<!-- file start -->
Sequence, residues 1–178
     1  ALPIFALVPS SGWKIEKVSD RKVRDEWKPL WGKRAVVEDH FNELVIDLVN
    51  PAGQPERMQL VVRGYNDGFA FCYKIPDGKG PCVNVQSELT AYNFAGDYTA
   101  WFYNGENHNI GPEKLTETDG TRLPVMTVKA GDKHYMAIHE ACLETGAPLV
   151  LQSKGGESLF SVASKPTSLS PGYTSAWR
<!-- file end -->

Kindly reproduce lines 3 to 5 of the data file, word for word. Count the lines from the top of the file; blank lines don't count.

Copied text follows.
    51  PAGQPERMQL VVRGYNDGFA FCYKIPDGKG PCVNVQSELT AYNFAGDYTA
   101  WFYNGENHNI GPEKLTETDG TRLPVMTVKA GDKHYMAIHE ACLETGAPLV
   151  LQSKGGESLF SVASKPTSLS PGYTSAWR